About the Program

Civility and Free Expression in a Constitutional Democracy—A National Dialogue is a national program funded by the National Endowment for the Humanities as part of the Bridging Cultures initiative.

    

The American Bar Association (ABA) Division for Public Education conducted Civility and Free Expression in a Constitutional Democracy, a planning forum and workshop, in , March 3-5, 2011. The moderated public forum and facilitated workshop explored the importance of balancing civility and freedom of expression, and how these values sometimes conflict, and the role that each play in a democracy.

    

The forum and workshop brought together scholars, educators, journalists, law-related professionals, community leaders, and students from across the country to explore these ideas and to reflect purposefully on the program theme and to develop a framework for a national program on the theme.

    

The conference proceedings were published in Civility and Free Expression in a Constitutional Democracy: A Conference Report and Civility and Free Expression in a Constitutional Democracy: Guide to Planning Public Programs. Project partners included the Center for Civic Engagement at Northwestern University, the Constitutional Rights Foundation Chicago, the Illinois Humanities Council, and the Newberry Library.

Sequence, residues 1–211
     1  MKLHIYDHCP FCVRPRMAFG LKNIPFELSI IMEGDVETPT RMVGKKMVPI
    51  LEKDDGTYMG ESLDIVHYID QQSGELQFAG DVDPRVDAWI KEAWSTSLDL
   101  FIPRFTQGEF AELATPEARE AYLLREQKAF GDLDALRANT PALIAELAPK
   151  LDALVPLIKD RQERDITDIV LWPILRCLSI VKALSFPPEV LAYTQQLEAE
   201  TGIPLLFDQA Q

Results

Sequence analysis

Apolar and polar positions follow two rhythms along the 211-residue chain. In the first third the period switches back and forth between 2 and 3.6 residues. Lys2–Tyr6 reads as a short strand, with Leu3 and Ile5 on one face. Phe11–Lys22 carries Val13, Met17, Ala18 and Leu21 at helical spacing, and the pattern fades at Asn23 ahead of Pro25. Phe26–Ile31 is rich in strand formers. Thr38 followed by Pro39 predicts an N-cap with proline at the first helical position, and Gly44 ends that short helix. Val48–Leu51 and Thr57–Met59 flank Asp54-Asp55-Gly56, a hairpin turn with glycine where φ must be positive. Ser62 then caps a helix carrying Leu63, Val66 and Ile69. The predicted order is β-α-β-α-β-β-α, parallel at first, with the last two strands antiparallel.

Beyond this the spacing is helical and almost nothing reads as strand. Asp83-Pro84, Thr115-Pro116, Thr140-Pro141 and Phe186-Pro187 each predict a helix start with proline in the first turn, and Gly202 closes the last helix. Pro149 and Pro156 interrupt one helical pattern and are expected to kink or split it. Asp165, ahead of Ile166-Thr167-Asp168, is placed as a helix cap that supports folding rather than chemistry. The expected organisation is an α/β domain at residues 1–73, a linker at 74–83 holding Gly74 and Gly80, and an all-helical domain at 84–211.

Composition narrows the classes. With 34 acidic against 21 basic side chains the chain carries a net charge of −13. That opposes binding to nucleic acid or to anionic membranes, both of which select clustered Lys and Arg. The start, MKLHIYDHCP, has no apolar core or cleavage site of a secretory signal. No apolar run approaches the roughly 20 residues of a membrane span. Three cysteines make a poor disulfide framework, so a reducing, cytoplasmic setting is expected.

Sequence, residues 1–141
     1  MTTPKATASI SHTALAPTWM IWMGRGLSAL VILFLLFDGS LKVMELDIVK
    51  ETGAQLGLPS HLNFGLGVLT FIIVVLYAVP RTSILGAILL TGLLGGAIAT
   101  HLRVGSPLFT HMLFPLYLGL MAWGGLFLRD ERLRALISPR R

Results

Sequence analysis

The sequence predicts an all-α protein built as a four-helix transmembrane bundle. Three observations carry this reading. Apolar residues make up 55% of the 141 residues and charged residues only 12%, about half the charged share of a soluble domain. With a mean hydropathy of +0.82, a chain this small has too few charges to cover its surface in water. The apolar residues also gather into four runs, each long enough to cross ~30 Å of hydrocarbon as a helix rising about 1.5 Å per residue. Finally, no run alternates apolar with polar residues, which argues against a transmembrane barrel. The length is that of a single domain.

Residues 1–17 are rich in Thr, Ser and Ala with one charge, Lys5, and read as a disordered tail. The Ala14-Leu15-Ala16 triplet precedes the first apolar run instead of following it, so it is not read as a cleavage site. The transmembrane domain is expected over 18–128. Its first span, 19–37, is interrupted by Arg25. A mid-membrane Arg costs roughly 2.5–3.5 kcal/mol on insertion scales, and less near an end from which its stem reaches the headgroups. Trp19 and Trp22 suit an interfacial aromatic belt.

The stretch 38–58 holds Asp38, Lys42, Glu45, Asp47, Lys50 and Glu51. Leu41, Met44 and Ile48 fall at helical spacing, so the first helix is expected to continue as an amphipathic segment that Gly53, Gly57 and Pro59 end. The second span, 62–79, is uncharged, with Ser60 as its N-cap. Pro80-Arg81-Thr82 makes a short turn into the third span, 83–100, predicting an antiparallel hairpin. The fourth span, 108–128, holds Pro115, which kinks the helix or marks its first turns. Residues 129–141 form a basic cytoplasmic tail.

These activities created a foundation for the implementation grant, Civility and Free Expression in a Constitutional Democracy—A National Dialogue. The has assembled six advisory scholars [link to Advisory Scholars list page] and partnered with organizations in nine states [link to partners list page] to conduct thirteen public programs in cities across the country. Programs will take place between September 2012 and June 2013. Each of the public programs will explore the balance between civility and constitutional democracy, and contribute to a national dialogue around the topic.

Civility and Free Expression in a Constitutional Democracy is funded by the National Endowment for the Humanities under the Bridging Cultures initiative. Any views, findings, conclusions, or recommendations expressed do not necessarily represent those of the National Endowment for the Humanities, the American Bar Association, or any of its program partners.

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